I think that the events of childhood are overrated; in fact, I think past history in general is overrated. It has turned out to be difficult to find even small effects of childhood events on adult personality, and there is no evidence at all of large—to say nothing of determining—effects. Flushed with enthusiasm for the belief that childhood has great impact on adult development, many researchers, starting fifty years ago, looked carefully for support. They expected to find massive evidence for the destructive effects of bad childhood events such as parental death or divorce, physical illness, beatings, neglect, and sexual abuse on the adulthood of the victims. Large-scale surveys of adult mental health and childhood loss were conducted, including prospective studies (there are now several score of these, and they take years and cost a fortune).

Some support appeared, but not much. If, for example, your mother dies before you are eleven, you are somewhat more depressive in adulthood—but not a lot more depressive, and only if you are female, and only in about half the studies. Your father’s dying has no measurable impact. If you are born first, your IQ is higher than your siblings’, but only by an average of one point. If your parents divorce (excluding the studies that don’t even bother with control groups of matched families without divorce), you find slight disruptive effects on later childhood and adolescence. But the problems wane as you grow up, and they are not easily detected in adulthood.

The major traumas of childhood may have some influence on adult personality, but only a barely detectable one. Bad childhood events, in short, do not mandate adult troubles. There is no justification in these studies for blaming your adult depression, anxiety, bad marriage, drug use, sexual problems, unemployment, aggression against your children, alcoholism, or anger on what happened to you as a child.

Most of these studies turned out to be methodologically inadequate anyway. In their enthusiasm for the sway of childhood, they fail to control for genes. Blinded by this bias, it simply did not occur to researchers before 1990 that criminal parents might pass on genes that predispose to crime, and that both the children’s felonies and their tendency to mistreat their own children might stem from nature rather than nurture. There are now studies that do control for genes: one kind looks at the adult personality of identical twins reared apart; another looks at the adult personalities of adopted children and compares them to the personalities of their biological and adoptive parents. All of these studies find large effects of genes on adult personality, and only negligible effects of any childhood events. Identical twins reared apart are much more similar as adults than fraternal twins reared together with regard to authoritarianism, religiosity, job satisfaction, conservatism, anger, depression, intelligence, alcoholism, well-being, and neuroticism, to name only a few traits. In parallel, adopted children are much more similar as adults to their biological parents than they are to their adoptive parents. No childhood events contribute significantly to these characteristics.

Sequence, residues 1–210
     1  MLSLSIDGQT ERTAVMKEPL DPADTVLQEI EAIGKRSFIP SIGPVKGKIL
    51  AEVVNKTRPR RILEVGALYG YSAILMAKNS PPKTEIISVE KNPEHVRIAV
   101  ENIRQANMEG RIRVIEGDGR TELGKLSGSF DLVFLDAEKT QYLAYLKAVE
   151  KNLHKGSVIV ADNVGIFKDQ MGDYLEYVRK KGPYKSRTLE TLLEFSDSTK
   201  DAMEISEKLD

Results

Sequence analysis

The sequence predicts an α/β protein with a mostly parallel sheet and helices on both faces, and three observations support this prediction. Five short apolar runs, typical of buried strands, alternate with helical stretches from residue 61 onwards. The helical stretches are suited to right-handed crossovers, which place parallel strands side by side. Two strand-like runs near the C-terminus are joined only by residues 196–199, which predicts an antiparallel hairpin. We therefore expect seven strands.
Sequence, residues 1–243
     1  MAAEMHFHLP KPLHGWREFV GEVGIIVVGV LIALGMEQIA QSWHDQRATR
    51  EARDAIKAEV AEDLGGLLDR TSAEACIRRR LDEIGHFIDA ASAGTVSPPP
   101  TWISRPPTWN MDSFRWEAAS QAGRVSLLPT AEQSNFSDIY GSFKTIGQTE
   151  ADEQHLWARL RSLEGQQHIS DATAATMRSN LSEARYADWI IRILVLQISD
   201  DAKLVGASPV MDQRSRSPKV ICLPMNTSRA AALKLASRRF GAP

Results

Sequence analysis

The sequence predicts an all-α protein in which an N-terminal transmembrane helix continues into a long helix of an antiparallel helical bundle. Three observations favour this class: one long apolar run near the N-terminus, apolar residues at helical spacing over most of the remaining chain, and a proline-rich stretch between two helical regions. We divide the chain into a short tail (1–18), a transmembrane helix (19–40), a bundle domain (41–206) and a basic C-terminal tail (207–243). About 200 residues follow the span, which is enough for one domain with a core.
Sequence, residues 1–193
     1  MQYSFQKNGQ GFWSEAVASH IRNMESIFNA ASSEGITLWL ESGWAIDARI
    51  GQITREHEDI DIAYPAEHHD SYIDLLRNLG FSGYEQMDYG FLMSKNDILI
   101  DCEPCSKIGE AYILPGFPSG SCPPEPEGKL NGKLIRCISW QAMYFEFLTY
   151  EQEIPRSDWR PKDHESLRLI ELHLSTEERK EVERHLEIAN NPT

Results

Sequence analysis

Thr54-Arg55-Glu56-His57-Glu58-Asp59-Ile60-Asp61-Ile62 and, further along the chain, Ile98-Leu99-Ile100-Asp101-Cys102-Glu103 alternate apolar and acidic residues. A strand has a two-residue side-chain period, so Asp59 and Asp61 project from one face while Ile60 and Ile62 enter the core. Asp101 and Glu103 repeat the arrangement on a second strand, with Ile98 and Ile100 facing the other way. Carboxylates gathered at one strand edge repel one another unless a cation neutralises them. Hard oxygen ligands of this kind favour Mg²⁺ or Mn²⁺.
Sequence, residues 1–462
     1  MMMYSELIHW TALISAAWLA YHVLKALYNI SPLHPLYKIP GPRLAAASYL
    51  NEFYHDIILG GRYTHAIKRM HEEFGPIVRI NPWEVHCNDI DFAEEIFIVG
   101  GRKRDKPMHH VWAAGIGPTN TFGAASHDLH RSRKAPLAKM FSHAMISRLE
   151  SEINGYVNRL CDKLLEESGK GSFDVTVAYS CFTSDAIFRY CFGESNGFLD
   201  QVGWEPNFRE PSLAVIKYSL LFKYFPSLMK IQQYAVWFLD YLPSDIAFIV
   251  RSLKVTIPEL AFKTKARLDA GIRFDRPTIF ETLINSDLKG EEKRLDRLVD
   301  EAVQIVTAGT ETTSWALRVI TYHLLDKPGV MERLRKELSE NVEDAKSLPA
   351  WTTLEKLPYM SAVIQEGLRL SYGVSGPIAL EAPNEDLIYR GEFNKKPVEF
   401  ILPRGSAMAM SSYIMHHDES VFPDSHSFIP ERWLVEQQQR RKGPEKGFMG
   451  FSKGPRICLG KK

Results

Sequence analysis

This means that the promissory note that Freud and his followers wrote about childhood events determining the course of adult lives is worthless. I stress all this because I believe that many of my readers are unduly embittered about their past, and unduly passive about their future, because they believe that untoward events in their personal history have imprisoned them. This attitude is also the philosophical infrastructure underneath the victimology that has swept America since the glorious beginnings of the civil rights movement, and which threatens to overtake the rugged individualism and sense of individual responsibility that used to be this nation’s hallmark. Merely to know the surprising facts here—that early past events, in fact, exert little or no influence on adult lives—is liberating, and such liberation is the whole point of this section. So if you are among those who view your past as marching you toward an unhappy future, you have ample reason to discard this notion.

Authentic Happiness: Using the New Positive Psychology to Realize Your Potential for Lasting Fulfillment (Martin Seligman)- Highlight Loc. 1287-1317 | Added on Wednesday, December 08, 2010, 10:53 AM